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Erick Hernandez, 25, has a “special Valentine’s basket” in the works for his 24-year-old girlfriend, Andi Silva, and he’s thinking about taking her out to eat on Sunday as well.

“She’s been craving sushi, so we might try that,” he said as the masked couple, together for about a year, sat outside in the sunshine earlier this week at the Pearl with their chocolate lab Charlie.

For most couples worried about the coronavirus, Valentine’s Day in the midst of a pandemic is kind of like a big box of chocolates – you don’t know what you’re going to get.

“Yeah, we will probably go out to eat,” said Hernandez, a recent graduate of Angelo State University who is in the National Guard and served in Washington, D.C., during the presidential inauguration. “But you have to be careful. I worry more for her than for me, because I’ve already had [COVID-19]. Nothing major – headache, fever, loss of taste and smell – but I recovered.”

Silva, who lost her job as a benefits consultant for an insurance company a few months back because of the pandemic, said she’d “like to do something really big” for her Valentine.

“But I’m not really in a position to do that,” said Silva, who’s now working on a master’s degree at Texas State University. “He deserves it. I’ve had a really tough year, and he’s always been there for me.”

Just over half (52 percent) of U.S. adults plan to celebrate Valentine’s Day this year, spending a total of $21.8 billion – an average of $165, $32 less than last year – on Valentine’s Day gifts and celebrations, according to an annual survey released this month by the National Retail Federation.

And while Valentine’s Day – a Western Christian feast day honoring one or two early Christian martyrs named St. Valentine – is traditionally the second busiest holiday for restaurants (behind Mother’s Day), just 24 percent say they will celebrate with an evening out this year. That’s down from 34 percent last year and the lowest in the survey’s history.

At the same time, numbers for cooking at home or ordering takeout are up.

“I’ll get some flowers for my wife and chocolate for the kids,” said Herbey Maldonado, 34, who runs his own commercial interior design firm. “Then, I’ll probably get some really good steaks and barbecue out in the backyard.”

Just being together is the most important thing, said Savannah Famiglietti, a 34-year-old architectural specifications consultant.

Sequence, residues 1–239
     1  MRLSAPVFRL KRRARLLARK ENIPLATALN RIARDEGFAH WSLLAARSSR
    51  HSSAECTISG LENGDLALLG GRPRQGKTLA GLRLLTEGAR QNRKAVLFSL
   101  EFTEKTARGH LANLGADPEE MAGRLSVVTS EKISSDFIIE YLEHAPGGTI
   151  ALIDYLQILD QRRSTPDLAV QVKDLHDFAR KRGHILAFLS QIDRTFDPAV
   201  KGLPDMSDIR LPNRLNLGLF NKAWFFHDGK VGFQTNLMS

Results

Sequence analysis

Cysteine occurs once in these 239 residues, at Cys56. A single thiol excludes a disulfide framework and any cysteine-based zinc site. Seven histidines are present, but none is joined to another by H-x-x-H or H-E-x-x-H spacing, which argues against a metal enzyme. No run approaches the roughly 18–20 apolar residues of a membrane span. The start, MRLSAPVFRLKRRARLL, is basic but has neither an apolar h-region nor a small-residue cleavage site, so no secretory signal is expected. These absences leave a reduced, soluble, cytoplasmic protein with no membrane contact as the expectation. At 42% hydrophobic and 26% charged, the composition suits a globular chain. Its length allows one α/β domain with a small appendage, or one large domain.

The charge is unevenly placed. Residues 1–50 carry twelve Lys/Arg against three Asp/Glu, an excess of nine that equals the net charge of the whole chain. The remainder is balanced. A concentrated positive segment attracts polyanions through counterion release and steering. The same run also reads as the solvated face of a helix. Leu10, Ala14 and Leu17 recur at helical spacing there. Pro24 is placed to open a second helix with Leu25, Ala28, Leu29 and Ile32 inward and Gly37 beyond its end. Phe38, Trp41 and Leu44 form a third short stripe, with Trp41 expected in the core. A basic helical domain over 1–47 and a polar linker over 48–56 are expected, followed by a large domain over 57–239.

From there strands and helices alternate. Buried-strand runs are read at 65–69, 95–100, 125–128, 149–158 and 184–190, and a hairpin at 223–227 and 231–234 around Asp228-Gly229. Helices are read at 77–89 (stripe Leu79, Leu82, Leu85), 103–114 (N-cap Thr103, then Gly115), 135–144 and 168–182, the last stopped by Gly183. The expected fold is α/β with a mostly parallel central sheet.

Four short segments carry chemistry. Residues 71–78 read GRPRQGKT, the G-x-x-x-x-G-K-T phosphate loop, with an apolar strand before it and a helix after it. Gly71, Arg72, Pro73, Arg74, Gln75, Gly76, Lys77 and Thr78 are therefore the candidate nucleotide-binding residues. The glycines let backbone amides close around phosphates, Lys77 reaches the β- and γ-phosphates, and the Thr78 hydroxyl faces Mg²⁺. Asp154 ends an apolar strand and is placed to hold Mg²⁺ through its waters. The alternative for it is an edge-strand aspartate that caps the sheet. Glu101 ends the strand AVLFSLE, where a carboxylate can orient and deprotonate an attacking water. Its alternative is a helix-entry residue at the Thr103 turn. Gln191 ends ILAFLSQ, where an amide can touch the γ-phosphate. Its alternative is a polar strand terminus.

“This year especially, it’s more about being together wherever you can,” she said, adding that she and her boyfriend of three years, Nick, would stay at home. “I’m just thankful that I have a loved one.”

It’s important for couples to “get creative,” said local marriage and family therapist Krista Miller. 

“Valentine’s Day is not just a Hallmark holiday,” she said. “It’s important, especially during a pandemic, for couples to maintain these ritual connections. Date nights are important because we’re in this sort of sensory vacuum right now. I would urge couples to get creative – get takeout and go to a park, sit in the car if it’s cold. The important thing is to plan a conversation and ask each other great open-ended questions, not just talk about your day. Trying to connect is more important than the location.”

Despite the uncertainty, many restaurants, like those under the Jason Dady Restaurant Group umbrella, are reporting brisk reservations.

“At this point [Monday], counts are more than what we expected,” said Margeaux Alcorta, director of culinary operations for the restaurant group, whose venues include Tre Trattoria at the San Antonio Museum of Art, Jardine at the San Antonio Botanical Garden, and the Range downtown. “We’re at full capacity, with zero capability of taking any walk-ins. We’ve noticed a shift since the vaccine has come out, and I think the Valentine’s holiday – and the fact that it’s on a Sunday – is bringing people out. People want to feel a little normalcy and go out on a date, get dressed up. Obviously, we are going to provide a safe atmosphere for our guests.”

Dady expects to prepare 200 meals – a surf-and-turf menu with special cocktails and desserts – at the three restaurants over two seating sessions at 5 p.m. and 7:30 p.m.

“Our chefs are very excited about plating on actual plates rather than to-go boxes,” Alcorta said. “But our takeout dining is flourishing, too, and we have a high-end package with truffle mac-and-cheese and strawberry shortcake and bubbles that we’ll deliver straight to your door. So, yeah, I feel excellent about Valentine’s Day this year.”

Steve Bennett has written about arts and culture in San Antonio for more than 30 years.